• Home


New Donors Needed to Fill Red Cross Missing Type Campaign

Posted: Updated:
JOHNSON CITY, N.Y. -

As part of an international movement, the American Red Cross is launching the Missing Types campaign to recruit new and existing donors to fill an urgent shortage of blood supply.

Monday, Johnson City's American Red Cross Center announced they will be illustrating the critical role every blood type plays, the letters A, B and O by erasing them from the logos and signs of everyday businesses and organizations. Because when these blood types are missing from the hospital shelves, everyone is impacted.

"Imagine a world without A, B, and O. Mom, dad, love; they lose their meanings...and that's what we want people to know at the American Red Cross," said Theresa Blank, Senior Account Manager American Red Cross.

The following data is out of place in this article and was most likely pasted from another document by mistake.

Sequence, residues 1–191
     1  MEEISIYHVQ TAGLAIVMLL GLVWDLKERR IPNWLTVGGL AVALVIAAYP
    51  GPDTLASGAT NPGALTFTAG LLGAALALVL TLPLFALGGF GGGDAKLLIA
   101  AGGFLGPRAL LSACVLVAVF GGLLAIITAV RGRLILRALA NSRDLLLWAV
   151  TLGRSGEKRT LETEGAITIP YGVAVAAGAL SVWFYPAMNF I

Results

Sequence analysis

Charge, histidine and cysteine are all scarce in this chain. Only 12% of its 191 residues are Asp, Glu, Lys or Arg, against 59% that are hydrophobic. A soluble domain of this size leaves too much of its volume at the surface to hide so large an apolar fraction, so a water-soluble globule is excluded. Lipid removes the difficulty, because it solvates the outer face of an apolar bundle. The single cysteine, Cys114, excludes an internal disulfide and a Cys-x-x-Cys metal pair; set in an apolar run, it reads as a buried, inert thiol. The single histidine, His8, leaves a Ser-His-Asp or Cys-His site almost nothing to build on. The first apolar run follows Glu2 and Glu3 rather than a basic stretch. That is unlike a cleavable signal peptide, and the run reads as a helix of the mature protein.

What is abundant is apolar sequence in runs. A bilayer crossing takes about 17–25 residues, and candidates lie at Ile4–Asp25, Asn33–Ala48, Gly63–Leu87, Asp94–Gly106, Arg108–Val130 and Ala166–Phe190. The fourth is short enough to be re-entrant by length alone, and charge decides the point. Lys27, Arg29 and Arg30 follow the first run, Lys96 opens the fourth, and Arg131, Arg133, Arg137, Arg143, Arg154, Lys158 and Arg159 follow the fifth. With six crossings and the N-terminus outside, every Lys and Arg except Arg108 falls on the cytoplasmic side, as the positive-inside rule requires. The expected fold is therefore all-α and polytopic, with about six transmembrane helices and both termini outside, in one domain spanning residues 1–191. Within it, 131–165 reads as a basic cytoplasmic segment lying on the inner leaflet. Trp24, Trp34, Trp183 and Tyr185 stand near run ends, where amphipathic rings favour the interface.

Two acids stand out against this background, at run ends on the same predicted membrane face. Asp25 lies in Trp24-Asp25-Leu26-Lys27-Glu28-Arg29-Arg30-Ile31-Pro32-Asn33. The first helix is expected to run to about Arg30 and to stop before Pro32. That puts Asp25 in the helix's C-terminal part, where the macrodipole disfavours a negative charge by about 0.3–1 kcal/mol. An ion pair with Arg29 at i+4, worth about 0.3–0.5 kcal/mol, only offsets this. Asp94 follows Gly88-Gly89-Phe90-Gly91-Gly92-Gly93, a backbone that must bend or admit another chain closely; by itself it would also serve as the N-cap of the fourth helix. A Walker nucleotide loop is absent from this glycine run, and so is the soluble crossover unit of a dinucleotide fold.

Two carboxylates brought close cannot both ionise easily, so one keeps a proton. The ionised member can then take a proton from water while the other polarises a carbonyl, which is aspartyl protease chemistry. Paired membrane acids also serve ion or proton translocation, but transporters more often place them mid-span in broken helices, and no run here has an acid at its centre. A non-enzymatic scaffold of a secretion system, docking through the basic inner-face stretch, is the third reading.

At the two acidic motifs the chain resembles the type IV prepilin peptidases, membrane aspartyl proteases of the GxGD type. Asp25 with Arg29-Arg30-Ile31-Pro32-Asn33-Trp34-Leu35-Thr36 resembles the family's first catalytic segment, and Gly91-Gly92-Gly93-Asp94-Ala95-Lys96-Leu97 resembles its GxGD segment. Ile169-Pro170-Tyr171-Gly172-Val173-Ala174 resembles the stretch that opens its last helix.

Supporting the international movement, the Vandermark family stood alongside the Red Cross with their 4-year-old son Jackson, a heart surgery survivor.

"When you're sitting in the hospital bed next to your child and you see they need 7, 8, 9 different blood transfusions, it makes you think.
And you're thankful for the people that do stop by and donate," Jay Vandermark, Police Officer.

But during the summer months, when blood supply is at its lowest, it's up to the public to help families like the Vandermarks. Since roughly 20% of donors are students from high schools and colleges, the Red Cross is in desperate need.

"When your child is sick the last thing you want them to have is not be able to get the medicine that they need, and that's how we have to look at blood," said Theresa Blank.

According to the American Red Cross, every two seconds someone in the U.S. is in need of blood, yet only 3% of the U.S. population donates each year. So by working with social media, the R d Cr ss is hoping to get some 'new blood' in the clinics and give the gift of life to someone in need.

Hoping the next time you see a letter disappear before your eyes, you'll know what to do.


For a full list of Blood Drives in the Southern Tier, click here for more information.